Volume 95, Issue 46

Thursday, November 22, 2001
 
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NEWS

Council gives Lawless an earful

Stop consuming you capitalist pig

Much maligned SSSC changes constitution

Anthrax strikes again

USC considers charity

Yes! London might get old-timer hockey

Stressed out TAs now online

News Briefs

Stressed out TAs now online

By Kristina Lundblad
Gazette Staff


If your teaching assistant is too busy or you just do not want to leave the comfort of home, a new company is offering students the help they need with just a click of the mouse – and five bucks.

RideTheBellCurve.com, a new online service based in Kingston, Ontario, gives undergraduate students the chance to pose academic questions to graduate students, said company president Grant Goodwin.

For $5 a problem or $2.50 per essay page, students can get the direct, individualized assistance they may need, Goodwin said, adding the fee is only charged if the student accepts the solution provided.

The graduate students make 80 per cent of the profit from each student, while the company takes in the remaining 20 per cent, Goodwin said, in order to keep their service alive.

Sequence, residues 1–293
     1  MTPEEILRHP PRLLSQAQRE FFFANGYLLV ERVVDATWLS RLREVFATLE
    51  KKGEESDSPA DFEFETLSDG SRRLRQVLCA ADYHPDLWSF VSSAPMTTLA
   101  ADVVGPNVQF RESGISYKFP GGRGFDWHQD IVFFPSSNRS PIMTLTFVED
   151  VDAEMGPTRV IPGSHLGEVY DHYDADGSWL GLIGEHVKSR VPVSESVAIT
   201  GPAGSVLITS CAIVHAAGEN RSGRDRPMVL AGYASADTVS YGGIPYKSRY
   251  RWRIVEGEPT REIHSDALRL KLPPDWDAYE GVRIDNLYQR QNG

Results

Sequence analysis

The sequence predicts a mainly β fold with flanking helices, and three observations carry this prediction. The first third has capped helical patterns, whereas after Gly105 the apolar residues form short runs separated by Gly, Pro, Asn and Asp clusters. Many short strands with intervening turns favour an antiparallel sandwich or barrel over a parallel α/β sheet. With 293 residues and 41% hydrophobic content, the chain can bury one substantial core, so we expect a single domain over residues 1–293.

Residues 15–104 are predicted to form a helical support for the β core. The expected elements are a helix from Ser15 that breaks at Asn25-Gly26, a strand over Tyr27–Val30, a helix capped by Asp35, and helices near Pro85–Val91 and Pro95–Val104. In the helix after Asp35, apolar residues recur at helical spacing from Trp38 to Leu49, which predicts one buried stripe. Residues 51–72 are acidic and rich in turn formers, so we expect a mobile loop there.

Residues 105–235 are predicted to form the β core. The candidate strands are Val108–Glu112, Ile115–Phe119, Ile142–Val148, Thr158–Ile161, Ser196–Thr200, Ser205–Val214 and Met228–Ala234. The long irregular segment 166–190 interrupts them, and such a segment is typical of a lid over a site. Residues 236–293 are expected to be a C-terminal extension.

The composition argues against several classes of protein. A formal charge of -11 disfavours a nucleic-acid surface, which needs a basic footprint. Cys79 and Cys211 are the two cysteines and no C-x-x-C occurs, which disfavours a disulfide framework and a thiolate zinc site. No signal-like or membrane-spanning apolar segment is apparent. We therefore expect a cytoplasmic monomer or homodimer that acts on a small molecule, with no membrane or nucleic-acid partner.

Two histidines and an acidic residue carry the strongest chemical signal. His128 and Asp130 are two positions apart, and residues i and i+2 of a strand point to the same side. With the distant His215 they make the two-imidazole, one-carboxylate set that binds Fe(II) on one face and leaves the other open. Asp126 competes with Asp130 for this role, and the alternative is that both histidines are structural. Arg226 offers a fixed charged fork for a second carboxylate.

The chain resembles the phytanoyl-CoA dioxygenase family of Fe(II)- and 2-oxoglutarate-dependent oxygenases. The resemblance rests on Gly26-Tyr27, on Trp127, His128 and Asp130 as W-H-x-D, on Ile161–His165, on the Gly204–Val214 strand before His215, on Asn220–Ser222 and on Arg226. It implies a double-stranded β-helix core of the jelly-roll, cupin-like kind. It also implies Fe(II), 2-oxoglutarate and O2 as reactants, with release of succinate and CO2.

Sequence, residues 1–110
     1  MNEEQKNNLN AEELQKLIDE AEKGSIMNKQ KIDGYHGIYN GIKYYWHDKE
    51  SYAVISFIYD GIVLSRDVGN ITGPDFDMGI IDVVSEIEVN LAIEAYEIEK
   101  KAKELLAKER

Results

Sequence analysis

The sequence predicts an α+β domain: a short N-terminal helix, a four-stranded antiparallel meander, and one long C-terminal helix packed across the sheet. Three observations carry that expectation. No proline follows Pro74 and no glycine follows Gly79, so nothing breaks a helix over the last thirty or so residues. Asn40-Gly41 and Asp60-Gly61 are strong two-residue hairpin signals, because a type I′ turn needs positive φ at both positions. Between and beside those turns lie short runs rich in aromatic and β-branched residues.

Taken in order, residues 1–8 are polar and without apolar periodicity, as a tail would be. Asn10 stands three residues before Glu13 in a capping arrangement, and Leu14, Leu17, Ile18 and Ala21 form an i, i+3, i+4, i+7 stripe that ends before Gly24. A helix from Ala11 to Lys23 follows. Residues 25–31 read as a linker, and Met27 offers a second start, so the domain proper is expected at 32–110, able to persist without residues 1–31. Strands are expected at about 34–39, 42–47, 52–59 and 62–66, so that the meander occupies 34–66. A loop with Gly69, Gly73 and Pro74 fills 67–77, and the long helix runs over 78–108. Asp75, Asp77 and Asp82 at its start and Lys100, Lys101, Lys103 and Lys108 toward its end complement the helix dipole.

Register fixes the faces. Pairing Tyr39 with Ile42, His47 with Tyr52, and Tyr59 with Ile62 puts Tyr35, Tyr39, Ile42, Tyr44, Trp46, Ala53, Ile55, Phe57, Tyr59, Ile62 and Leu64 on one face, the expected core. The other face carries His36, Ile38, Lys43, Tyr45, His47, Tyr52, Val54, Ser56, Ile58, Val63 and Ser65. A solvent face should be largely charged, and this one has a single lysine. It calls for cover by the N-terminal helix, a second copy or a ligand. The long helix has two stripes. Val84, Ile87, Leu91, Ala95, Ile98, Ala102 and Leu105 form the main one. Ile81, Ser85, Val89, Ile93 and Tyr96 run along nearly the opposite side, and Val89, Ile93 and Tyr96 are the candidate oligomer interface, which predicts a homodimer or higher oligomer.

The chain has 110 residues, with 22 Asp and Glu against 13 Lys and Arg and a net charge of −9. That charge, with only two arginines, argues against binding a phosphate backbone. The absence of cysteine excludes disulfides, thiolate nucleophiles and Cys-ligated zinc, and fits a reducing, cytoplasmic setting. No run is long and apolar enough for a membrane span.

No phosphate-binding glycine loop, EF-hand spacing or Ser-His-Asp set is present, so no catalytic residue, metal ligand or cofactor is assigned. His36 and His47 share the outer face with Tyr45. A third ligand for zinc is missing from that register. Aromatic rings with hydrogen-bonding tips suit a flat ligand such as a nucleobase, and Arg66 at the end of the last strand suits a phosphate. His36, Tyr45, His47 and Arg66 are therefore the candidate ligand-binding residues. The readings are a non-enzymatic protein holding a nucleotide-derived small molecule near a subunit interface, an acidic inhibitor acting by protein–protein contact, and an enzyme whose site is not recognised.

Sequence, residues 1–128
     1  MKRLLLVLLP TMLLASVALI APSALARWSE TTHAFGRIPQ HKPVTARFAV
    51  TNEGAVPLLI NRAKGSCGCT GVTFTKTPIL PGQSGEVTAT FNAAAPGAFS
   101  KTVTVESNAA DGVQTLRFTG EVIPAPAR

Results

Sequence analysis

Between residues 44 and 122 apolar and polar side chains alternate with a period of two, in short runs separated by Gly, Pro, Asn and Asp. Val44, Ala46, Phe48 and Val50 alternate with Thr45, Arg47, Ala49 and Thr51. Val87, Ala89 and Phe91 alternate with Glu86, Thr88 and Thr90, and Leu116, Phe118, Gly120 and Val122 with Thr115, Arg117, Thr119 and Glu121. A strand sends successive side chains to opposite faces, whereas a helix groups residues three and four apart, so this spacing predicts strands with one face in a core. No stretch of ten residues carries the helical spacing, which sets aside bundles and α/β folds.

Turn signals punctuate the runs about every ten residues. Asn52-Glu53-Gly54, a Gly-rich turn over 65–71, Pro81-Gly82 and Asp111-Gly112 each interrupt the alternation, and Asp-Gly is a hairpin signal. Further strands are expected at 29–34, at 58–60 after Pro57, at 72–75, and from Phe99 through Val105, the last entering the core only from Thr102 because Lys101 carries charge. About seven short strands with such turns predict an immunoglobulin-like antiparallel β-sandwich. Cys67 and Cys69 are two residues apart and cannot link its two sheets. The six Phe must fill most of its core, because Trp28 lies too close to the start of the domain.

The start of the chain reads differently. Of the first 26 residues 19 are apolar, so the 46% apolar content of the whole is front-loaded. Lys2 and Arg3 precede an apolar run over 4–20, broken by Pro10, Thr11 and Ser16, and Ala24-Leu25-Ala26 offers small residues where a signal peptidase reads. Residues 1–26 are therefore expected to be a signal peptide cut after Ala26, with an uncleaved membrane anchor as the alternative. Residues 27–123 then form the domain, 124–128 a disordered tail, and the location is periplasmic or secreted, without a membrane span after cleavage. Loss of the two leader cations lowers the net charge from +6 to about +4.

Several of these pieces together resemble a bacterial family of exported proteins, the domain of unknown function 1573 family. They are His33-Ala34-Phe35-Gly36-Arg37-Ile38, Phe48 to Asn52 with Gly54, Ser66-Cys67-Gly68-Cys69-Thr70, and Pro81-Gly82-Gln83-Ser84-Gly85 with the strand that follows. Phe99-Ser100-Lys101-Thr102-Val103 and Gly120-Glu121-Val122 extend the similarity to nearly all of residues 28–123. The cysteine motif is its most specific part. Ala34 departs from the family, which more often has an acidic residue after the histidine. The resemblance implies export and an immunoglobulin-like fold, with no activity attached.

Carole Farber, a Western professor in the faculty of information and media studies, said she has visited the site and believes the company is genuinely providing answers to students, but was concerned with the detailed personal information questions.

"They're getting more [information] than Air Miles ever collects on you," Farber said. She added the company can learn an individual's university, area of specialty, e-mail address and gender from registration forms on the site.

Goodwin said the personal information section is entirely optional.

Farber said students should be cautious about offering personal information when using an online program. "It's always good to be concerned about where your information is going and for what purpose it is going to be used," she said.

Western Phd candidate Andrew Ross, a teacher's assistant in the department of history, said time will tell if an educational program such as RideTheBellCurve.com will work.

He encourages students to visit their real TAs within the classroom. "I sit in my office for two hours a week and am available through e-mail and [I] see one person a week – I'm sitting there doing nothing," he said.

Ross said he understood using the service if students need help at 3 a.m., but, generally, they should use the free resources offered to them on-campus.




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Copyright The Gazette 2001